# I Lie Derivatives vs Parallel Transport

1. Nov 6, 2017

### Silviu

Hello! In my GR class we were introduced to the parallel transport as the way in which 2 tensors can be compared with each other at different points (and how one reaches the curvature tensor from here). I was wondering why can't one use Lie derivatives, instead of parallel transport. As far as I understand, both define the transport of a tensor along a vector field, so why is one used instead of the other i.e. why is Lie derivative not good to define directional derivatives on a manifold? Thank you!

2. Nov 6, 2017

### Staff: Mentor

You can, but you'll get a different answer than you would using parallel transport. (And those two possibilities are not the only ones: in general there are an infinite number of possible ways to transport vectors/tensors between points in a curved manifold.) So the question is, which answer is the one you want to use? And the answer to that question depends on what physical problem you are trying to solve.

The physical problem for which "parallel transport" is the right answer is the problem: which curves are geodesics? The answer to that is, they are curves that parallel transport their tangent vectors along themselves. And that turns out to be the "right" answer because those curves turn out to be the ones that describe the worldlines of freely falling objects, i.e., weightless objects, feeling no acceleration. Since objects moving solely under the influence of "gravity" are weightless, these weightless, freely falling worldlines are the ones that tell us about the geometry of spacetime, so GR gives them a special status and uses parallel transport for that reason.

However, there are other physical problems for which "Lie derivative" is the right answer. Here's one: suppose I have an observer "hovering" at a fixed altitude above a large gravitating body like a planet or star (and not in orbit, his angular coordinates are also fixed, so he is firing a rocket or otherwise under acceleration). This person wants to keep a telescope oriented directly radially outward, i.e., in the opposite direction from the planet/star. How will the spacelike vector that describes the direction the telescope is pointing be transported along the observer's worldline? The answer is, using the Lie derivative (the more usual name for this in GR is "Fermi-Walker transport").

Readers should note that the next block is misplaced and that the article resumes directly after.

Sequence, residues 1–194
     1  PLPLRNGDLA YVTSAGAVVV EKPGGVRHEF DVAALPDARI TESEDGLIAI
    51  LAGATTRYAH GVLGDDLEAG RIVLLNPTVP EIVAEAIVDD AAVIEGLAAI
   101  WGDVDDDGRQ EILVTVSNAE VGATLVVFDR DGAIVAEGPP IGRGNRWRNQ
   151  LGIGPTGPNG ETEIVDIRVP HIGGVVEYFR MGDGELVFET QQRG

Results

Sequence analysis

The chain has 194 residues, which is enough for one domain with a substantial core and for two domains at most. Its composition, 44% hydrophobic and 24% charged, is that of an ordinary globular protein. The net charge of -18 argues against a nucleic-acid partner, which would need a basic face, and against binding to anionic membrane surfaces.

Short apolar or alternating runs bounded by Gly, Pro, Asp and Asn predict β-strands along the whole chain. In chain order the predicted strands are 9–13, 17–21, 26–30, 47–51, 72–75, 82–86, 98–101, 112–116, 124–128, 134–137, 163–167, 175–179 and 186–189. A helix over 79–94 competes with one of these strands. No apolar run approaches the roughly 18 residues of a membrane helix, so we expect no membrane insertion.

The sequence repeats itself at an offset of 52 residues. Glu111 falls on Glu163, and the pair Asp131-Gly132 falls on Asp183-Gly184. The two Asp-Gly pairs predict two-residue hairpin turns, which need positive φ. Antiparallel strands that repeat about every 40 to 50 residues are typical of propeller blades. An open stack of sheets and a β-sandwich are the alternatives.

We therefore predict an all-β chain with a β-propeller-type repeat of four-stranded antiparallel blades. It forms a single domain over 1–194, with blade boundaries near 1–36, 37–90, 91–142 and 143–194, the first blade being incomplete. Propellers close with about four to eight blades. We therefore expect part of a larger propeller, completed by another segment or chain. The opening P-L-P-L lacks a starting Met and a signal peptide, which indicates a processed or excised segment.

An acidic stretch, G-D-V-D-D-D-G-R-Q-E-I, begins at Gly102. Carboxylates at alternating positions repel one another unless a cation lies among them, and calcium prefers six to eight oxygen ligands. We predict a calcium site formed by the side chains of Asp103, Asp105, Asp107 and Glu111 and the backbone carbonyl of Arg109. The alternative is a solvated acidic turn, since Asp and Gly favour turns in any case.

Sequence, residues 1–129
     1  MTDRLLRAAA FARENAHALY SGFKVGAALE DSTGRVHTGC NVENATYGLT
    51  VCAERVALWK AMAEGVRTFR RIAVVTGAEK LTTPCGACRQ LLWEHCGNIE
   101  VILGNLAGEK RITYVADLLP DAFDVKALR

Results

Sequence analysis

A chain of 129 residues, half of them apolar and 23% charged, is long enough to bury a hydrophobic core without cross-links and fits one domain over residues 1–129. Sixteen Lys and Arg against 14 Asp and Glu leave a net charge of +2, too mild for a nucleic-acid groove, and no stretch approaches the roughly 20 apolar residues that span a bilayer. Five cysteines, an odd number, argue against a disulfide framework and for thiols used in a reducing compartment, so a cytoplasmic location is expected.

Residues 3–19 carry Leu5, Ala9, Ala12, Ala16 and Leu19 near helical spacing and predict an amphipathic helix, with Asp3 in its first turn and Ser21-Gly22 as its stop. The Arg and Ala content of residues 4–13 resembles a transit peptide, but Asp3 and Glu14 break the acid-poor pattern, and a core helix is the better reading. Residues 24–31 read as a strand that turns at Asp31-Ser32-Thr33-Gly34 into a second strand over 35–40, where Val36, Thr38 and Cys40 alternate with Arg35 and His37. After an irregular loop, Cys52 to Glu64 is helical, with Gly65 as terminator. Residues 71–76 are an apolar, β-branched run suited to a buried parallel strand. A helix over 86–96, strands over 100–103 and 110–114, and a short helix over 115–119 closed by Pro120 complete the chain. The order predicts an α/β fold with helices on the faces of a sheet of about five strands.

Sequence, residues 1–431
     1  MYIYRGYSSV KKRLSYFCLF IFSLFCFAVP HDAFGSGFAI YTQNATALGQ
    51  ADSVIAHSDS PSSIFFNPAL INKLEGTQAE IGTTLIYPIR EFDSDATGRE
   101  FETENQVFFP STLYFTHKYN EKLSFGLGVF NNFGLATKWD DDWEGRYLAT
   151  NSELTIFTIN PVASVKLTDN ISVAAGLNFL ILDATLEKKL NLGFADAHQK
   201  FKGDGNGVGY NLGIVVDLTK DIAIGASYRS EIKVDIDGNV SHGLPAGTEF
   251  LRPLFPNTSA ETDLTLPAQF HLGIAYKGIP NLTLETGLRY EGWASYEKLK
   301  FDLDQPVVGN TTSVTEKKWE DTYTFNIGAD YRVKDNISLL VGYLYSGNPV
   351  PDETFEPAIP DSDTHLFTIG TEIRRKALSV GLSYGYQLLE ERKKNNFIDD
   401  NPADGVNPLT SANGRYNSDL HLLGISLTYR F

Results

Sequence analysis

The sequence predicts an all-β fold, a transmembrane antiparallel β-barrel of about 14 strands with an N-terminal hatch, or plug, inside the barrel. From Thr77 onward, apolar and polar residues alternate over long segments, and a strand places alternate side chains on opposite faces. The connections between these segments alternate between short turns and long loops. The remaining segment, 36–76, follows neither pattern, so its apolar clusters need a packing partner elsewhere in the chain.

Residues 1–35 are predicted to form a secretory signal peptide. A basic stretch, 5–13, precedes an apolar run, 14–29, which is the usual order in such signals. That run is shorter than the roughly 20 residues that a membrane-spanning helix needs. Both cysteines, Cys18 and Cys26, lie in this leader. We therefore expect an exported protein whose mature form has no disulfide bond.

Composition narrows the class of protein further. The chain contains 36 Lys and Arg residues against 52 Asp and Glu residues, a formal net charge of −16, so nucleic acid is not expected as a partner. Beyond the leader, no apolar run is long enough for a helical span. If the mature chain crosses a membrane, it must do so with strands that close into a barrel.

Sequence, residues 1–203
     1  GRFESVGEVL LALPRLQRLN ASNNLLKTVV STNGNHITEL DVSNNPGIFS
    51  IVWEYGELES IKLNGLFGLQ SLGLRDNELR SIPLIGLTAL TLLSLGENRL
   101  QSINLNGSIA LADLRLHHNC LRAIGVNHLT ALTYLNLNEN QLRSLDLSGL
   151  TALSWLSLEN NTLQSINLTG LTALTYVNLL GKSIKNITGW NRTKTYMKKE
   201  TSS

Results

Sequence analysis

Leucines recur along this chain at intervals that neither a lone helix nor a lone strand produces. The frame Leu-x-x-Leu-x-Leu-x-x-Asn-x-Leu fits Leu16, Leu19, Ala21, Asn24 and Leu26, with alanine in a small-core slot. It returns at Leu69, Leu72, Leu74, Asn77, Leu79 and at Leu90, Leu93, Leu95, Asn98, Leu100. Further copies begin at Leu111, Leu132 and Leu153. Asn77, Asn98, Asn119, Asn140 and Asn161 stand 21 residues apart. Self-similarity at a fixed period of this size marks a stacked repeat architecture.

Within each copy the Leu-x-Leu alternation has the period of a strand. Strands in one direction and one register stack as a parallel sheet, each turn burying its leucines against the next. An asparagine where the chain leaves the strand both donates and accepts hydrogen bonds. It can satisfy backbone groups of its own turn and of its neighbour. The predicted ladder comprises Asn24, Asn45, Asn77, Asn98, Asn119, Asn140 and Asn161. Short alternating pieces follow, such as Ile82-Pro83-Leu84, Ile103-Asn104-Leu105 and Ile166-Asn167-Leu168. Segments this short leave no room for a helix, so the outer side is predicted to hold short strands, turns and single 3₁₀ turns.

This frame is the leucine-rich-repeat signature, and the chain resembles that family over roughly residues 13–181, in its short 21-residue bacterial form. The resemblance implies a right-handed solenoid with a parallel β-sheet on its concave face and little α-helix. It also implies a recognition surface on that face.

In your GR class they probably were only considering the former type of problem, not the latter, which is why they gave "parallel transport" as the answer. But it's good to be aware that there are other problems you will eventually encounter where other types of transport are relevant.

3. Nov 6, 2017

### Silviu

I understand what you mean, but I am still confused about when you want to use one over the other. Like why is the geodesic not defined by a Lie derivative? Is just that in that case the observation wouldn't match the theory or is there a deeper reason? In the end the approach to a physics problem should give you the same answer, but in this case it certainly doesn't and I am kinda confused...

4. Nov 6, 2017

### Staff: Mentor

This is like asking "why does a triangle not have four sides"? A geodesic is defined as a curve that parallel transports its tangent vector along itself--not a curve that Lie transports its tangent vector along itself.

I don't know what you mean. Parallel transport and Lie transport are distinct, different things. Why would you expect both of them to give you the same answer?

5. Nov 7, 2017

### romsofia

This picture that my friend made should help you see the difference between the two derivatives. Don't worry if it takes you a while to understand the differences between the two derivatives, I've struggled, and still struggle sometimes, talking about the difference between the two. It just takes a while to get use to them.

https://imgur.com/a/D638e (not sure how to embed the picture)

6. Nov 7, 2017

### martinbn

One reason is that the Lie derivative is not a good directional derivative. Reason being that at a point it doesn't depend only on the direction you differentiate in i.e. $(\mathcal L_XY)_p$ doesn't depend only on $X_p$, but also on values of the field $X$ near the point $p$.

7. Nov 7, 2017

### martinbn

I am confused by this. The two are different. Even in this context they don't seem the same to me?

8. Nov 7, 2017

### Staff: Mentor

You're right, I was thinking of Killing vector fields, which involve the Lie derivative of the metric.